University of Iowa students Bailey Engledow of Cedar Rapids (left) and Lexis Waddell of Burlington buy a vending table outside The Haunted Bookshop in Iowa City in March 2021. (The Gazette)
Nialle Sylvan, owner of the Haunted Bookstore in Iowa City, stands outside the store in March 2021. (The Gazette)
The haunted bookstore has moved to online and phone orders. (The Gazette)
IOWA CITY — Long before online browsing became a thing, avid bibliophiles devoted themselves to browsing.
“We fully understand that (in-person) browsing, and what we call the serendipity of browsing, is very important,” said Haunted Bookstore owner Nialle Sylvan.
The COVID-19 pandemic continues to disrupt that tradition at Iowa City’s oldest second-hand bookstore, which continues to follow rigorous sanitary precautions.
Unless Johnson County’s daily infection rate drops below 10 per 100,000 residents, the store is open by appointment only, with masks required, in part out of consideration for Johnson’s 17-month-old son. Sylvan, Rowan.
The store’s website links to the Mayo Clinic data tracker, which showed a rate of 11 per 100,000 as of the end of last week.
“This summer had very high numbers, which is very disappointing,” Sylvan recalls.
“A lot of people come from all over the country to visit the bookstores in this area.”
Customers can consult the website or call to check the times when access to the store can be reserved.
“It’s very important to us to maintain a place where people know we’re taking every precaution possible,” Sylvan said. “We want to make it a very safe place.
“We think about our air exchanges, we think about ventilation. It is important that we provide the safest place possible.
Online sales have become even more important during the pandemic. Managing inventory online is “almost a business in its own right,” according to Sylvan.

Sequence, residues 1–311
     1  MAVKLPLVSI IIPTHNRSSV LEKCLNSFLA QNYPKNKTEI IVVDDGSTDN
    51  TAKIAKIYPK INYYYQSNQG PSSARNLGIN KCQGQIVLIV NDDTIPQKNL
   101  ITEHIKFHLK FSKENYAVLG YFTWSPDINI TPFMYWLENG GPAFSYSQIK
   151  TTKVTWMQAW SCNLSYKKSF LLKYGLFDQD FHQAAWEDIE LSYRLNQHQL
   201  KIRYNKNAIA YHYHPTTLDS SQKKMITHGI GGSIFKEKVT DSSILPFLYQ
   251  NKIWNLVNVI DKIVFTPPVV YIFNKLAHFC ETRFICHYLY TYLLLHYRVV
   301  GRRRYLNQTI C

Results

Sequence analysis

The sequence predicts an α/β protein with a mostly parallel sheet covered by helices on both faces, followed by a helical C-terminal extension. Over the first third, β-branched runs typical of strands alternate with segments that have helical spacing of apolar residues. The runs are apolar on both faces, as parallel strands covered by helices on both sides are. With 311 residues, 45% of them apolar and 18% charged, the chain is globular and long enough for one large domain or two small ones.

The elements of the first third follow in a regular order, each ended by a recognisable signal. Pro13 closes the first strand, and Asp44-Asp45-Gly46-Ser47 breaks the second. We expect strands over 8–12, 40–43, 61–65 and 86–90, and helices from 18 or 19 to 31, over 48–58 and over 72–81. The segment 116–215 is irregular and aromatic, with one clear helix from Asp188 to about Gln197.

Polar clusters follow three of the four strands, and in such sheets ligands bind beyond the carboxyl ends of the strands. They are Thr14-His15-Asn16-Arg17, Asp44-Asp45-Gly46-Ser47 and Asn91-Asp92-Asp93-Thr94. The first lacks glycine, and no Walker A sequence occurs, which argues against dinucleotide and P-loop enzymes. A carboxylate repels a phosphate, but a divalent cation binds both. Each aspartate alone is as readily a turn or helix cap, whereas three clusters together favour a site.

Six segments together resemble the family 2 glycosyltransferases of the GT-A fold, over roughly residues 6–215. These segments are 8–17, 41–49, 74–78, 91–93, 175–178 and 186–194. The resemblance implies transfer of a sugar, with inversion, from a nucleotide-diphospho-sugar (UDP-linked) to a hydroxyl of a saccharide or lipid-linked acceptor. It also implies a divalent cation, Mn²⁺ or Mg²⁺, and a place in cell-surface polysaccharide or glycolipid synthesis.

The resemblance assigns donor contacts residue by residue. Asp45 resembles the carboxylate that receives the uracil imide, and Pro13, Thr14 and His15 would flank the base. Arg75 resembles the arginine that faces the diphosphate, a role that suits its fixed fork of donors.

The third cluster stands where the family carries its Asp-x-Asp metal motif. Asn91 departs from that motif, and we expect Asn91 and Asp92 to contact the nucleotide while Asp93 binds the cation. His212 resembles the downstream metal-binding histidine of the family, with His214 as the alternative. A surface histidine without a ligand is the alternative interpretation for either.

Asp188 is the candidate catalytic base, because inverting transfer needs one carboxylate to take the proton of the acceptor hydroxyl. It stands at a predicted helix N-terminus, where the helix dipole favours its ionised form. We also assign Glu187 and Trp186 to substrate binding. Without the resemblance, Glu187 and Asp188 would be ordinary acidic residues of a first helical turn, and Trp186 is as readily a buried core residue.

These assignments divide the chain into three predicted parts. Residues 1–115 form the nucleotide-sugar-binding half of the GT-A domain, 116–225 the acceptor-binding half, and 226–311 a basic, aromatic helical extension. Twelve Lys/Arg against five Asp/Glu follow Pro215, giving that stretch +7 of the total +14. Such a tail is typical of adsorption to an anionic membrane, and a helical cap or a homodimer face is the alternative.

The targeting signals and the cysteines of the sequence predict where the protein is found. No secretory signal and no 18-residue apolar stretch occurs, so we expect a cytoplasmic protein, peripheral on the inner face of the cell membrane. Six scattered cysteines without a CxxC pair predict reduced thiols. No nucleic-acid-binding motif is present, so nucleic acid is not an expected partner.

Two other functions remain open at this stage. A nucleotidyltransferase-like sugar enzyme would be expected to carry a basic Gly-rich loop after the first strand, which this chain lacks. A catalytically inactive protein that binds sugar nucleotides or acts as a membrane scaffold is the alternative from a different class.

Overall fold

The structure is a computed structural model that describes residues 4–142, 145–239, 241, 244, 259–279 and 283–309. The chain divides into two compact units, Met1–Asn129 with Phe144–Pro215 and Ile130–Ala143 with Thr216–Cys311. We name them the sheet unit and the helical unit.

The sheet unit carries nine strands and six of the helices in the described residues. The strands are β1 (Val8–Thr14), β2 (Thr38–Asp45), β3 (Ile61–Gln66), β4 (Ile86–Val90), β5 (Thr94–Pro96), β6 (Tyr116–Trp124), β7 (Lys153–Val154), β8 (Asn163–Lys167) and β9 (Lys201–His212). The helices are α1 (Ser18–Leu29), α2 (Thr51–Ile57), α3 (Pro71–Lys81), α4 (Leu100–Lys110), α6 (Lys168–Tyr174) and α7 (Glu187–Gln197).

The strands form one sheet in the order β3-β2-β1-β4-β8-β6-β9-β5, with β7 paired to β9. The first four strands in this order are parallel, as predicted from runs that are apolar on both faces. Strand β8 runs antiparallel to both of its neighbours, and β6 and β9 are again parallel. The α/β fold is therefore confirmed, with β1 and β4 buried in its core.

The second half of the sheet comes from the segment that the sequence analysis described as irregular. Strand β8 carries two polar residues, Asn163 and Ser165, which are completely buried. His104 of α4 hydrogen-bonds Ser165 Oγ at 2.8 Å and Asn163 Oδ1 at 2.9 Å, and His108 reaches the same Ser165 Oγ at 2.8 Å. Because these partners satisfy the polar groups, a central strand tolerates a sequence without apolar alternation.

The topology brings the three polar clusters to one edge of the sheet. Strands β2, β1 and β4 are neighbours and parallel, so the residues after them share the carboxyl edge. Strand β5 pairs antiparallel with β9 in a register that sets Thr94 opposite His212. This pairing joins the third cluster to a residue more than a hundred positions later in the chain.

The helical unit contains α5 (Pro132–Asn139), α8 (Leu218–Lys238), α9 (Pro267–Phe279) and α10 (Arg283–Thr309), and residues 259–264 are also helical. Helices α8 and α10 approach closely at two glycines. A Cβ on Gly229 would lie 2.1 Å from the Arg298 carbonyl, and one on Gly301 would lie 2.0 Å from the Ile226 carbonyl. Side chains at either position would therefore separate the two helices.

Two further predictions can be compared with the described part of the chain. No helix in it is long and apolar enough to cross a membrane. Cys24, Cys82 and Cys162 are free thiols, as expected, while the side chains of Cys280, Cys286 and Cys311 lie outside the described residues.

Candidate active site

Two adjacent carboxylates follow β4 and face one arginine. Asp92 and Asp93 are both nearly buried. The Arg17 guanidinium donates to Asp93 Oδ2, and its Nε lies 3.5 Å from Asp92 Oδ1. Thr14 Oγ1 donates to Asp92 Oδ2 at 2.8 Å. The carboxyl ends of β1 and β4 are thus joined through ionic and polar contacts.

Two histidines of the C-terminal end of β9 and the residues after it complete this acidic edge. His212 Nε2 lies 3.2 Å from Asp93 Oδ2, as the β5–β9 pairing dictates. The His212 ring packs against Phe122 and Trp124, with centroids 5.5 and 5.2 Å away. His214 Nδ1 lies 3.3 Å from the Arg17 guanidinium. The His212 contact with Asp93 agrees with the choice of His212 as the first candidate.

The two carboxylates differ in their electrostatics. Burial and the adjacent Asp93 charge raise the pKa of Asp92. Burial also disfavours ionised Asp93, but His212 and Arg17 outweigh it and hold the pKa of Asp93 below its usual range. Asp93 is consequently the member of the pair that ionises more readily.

“It’s a network of little stores like this,” Sylvan said of biblio.com. “When people shop there, our phone number is right there.”
Sylvan said “Surprise me!” the bags, an idea developed at the start of the pandemic, remain popular. Customers email their budget and reading interests, and she selects books that match — a way to maintain a bit of serendipity.
“The customer can say, ‘I have $50, I have a little girl who loves hiking and riding horses.’ said Sylvan. “I can find $50 worth of books, which can be 10 books in our store.”
Sylvan dispatched “Surprise me! bags on both sides and many places in between.
“It’s Iowa City, so a lot of our friends move every four years,” she said. “Many of our friends still support us.”
Owner: Nialle Sylvan
Address: 219 N. Gilbert St., Iowa City
Phone: (319) 337-2996
“Puzzle Days” are scheduled for October 15 — next Saturday — and October 22, when more than 400 different puzzles from the shop will be displayed in the courtyard.
“We’re always coming up with new ideas for ways to get things to people despite our current circumstances,” Sylvan said.
Sylvan, a Marshalltown native, worked at a bookstore in Cedar Rapids while attending Coe College.
“I’ve been a bookstore fan all my life,” she said.
After college, Sylvan had worked for a law firm and a few other jobs before the boutique, which opened in 1978, became available in 2004.
“Everything fell into place,” she said. “It was a bit miraculous at the time.
“I didn’t go to graduate school because I wanted to get a doctorate. in all. It was kind of a way to get that.
It starts with learning the market.
“Knowing your community is the most important thing a used book store can do,” Sylvan said.
“It was meeting people, it was finding out what courses were offered at the university, it was learning a bit more about the work done by some of the university’s famous professors.”
Sylvan moved the shop to its current location, an 1847 house listed on the National Register of Historic Places, in 2014. The shop’s name comes from a 1919 novel by Christopher Morley, a “library mystery” set in the world books.
Despite the age of the building, Sylvan does not claim that the house is actually haunted by anything other than his three rescue cats. But there may be a mystery there.
“I know three cats,” she said. “It’s a complicated situation.
“I have people who insist on telling me that they have pictures on their phones of the fluffy white cat that is here. We don’t have fluffy white cats.
Sylvan and her husband, Joshua Langseth, are the only staff.
“Right now it’s just a single-family show,” she said. “It was me and my husband, whom I met at the store. We had our wedding reception here in 2014.
“He helps me when he’s not doing his real job, which is teaching at Coe College.”
Sylvan remains hopeful that COVID-19 infection rates will decline this winter, allowing a return to something like business as usual.
“In normal years, I buy from people who show up or want you to look at their professional collection,” she said.
“We didn’t buy any books during the pandemic, but that’s okay because I had a big backlog of books.”
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